NIAMEY (Reuters) - Niger closed its land borders and ramped up security on Sunday for an election in which President Mahamadou Issoufou is running for a second term promising to crush Islamist militants and reduce the country’s deep poverty.
Security forces patrolled cities and villages in case of unrest or militant attacks. Some voters said they had never experienced such a tense election.
Unidentified armed men attacked two electoral commission vehicles in a rural area about 100 km (60 miles) northwest of the capital, according to security sources, but there were few other reports of trouble.
“Niger needs strong democratic institutions. I hope that the presidential and legislative elections will permit us to reinforce our institutions,” Issoufou said when he cast his ballot at city hall in the capital Niamey.
He faces 14 candidates including Seyni Oumaru, leader of an opposition coalition. Critics say Issoufou has used political repression in the run-up to the vote, arresting opposition supporters and jailing opposition leader Hama Amadou over charges related to a baby-trafficking ring.
“These are not free and fair elections. We have one presidential candidate in prison who has not been able to campaign. ... The president has manipulated the electorate and used repression,” said Amadou Saidou, a voter in Niamey.
The government says it respects the law and calls such criticisms politically motivated.
Voting ended at 7 p.m. (1800 GMT) after a day of steady turnout in most areas but polls will reopen from 8 a.m. to 7 p.m. on Monday in areas where voting could not take place on Sunday, the electoral commission said.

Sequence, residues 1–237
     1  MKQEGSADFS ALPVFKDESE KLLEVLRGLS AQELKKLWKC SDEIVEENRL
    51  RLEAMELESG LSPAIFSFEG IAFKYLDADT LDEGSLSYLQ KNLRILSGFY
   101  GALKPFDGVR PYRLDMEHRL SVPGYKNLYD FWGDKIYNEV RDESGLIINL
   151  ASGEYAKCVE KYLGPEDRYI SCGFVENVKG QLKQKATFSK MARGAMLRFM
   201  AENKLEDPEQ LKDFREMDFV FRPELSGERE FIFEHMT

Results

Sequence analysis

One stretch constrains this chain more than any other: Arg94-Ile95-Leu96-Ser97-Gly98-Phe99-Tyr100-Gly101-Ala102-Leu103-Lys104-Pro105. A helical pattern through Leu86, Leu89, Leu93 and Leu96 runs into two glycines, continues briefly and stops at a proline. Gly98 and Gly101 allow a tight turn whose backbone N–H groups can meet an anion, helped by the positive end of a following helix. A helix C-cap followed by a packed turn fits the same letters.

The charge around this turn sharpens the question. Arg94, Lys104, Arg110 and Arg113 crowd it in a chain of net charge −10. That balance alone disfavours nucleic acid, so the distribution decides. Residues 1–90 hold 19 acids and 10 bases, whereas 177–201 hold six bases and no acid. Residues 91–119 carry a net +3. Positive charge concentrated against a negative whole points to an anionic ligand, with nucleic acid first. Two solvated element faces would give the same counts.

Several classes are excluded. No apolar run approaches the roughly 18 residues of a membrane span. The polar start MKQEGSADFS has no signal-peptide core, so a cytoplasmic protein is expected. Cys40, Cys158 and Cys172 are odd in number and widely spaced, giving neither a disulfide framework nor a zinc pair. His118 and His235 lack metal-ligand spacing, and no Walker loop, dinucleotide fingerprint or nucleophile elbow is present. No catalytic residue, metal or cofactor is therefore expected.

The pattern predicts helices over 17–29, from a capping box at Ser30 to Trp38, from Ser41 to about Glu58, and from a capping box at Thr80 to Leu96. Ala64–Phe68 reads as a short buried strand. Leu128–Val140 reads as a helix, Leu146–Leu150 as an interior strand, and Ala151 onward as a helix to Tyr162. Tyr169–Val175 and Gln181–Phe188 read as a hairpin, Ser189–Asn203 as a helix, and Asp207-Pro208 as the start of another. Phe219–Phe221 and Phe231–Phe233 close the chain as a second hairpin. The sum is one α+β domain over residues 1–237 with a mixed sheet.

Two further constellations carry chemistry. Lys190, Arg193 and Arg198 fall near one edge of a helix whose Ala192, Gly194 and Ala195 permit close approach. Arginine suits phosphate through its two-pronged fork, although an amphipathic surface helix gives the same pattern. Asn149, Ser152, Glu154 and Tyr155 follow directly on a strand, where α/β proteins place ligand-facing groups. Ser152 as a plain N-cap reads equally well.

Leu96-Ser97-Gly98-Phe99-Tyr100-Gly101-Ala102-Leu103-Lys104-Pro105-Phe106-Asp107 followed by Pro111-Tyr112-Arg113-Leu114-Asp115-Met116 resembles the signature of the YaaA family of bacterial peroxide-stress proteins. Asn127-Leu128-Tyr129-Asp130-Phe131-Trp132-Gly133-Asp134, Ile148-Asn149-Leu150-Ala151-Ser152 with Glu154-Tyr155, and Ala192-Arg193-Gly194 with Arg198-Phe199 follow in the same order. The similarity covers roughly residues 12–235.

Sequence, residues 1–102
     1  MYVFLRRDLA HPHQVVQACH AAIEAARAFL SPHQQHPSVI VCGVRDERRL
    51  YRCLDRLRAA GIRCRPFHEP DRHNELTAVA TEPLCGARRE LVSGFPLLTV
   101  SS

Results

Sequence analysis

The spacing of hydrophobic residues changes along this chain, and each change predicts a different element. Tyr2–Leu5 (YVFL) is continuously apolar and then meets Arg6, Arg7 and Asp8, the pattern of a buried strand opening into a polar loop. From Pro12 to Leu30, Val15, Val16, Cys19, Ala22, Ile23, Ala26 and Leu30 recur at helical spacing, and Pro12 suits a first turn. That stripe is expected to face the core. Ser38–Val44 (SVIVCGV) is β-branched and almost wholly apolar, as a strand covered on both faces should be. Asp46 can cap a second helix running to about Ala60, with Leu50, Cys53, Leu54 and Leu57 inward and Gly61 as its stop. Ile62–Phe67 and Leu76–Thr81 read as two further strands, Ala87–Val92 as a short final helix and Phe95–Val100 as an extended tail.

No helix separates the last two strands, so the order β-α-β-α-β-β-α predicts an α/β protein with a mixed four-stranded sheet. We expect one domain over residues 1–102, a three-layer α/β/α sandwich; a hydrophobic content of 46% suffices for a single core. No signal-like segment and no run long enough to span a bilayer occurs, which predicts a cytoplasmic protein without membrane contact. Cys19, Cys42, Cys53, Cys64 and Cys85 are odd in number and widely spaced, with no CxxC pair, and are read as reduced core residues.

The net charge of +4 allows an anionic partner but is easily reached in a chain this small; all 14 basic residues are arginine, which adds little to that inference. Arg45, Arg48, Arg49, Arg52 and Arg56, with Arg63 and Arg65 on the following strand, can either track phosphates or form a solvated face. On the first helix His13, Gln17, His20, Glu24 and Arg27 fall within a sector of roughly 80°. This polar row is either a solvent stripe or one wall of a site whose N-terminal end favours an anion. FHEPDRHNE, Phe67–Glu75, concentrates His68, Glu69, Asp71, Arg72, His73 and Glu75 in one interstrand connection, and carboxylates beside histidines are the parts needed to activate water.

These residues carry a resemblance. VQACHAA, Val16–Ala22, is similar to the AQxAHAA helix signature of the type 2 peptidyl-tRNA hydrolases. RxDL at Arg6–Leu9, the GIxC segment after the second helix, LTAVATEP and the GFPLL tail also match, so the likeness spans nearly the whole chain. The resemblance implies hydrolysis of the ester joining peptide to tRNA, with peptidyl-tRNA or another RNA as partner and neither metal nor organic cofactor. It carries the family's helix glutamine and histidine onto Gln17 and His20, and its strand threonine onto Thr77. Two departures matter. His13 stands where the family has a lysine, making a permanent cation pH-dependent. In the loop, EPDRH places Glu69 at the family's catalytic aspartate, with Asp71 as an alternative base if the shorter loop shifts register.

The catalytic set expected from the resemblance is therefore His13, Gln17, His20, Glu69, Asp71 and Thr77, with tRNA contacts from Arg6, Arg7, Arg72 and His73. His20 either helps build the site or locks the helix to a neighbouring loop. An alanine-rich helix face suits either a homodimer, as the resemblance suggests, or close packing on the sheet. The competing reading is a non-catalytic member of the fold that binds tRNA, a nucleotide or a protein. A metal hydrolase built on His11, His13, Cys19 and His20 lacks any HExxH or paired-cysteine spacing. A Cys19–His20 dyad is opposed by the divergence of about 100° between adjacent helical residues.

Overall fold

It gave no details but local media reported problems in Tahoua region in the northeast, Zinder in the east, Diffa in the southeast and Tillaberi in the west. The country has eight regions in total and results are not expected before Tuesday.
Opposition spokesman Ousseini Salatou said on a private television station, Tenere, that the election had been badly organized and he had witnessed cases of voting card fraud.
Niger produces uranium and oil but is ranked last in the U.N.’s Human Development Index and has one of the world’s highest fertility rates. The country ranks 114 out of 142 in the 2015 prosperity index run by the UK-based Legatum Institute.
Islamist militant group Boko Haram, which is based in neighboring Nigeria, has staged a series of attacks in Niger in recent months, forcing authorities to declare a state of emergency in the southeastern region of Diffa.
But Niger prides itself on being peaceful relative to its neighbors Nigeria, Libya and Mali.
Issoufou, born in 1951, won an election in 2011, a year after a coup. Under election rules, a run-off will be held if no candidate secures an outright victory on Sunday.
His challengers include Amadou, 2011 second-place finisher Oumaru and ex-president Mahamane Ousmane. Around 5,200 candidates also vie for 171 legislative seats on Sunday.
Writing by Matthew Mpoke Bigg; Editing by Chris Reese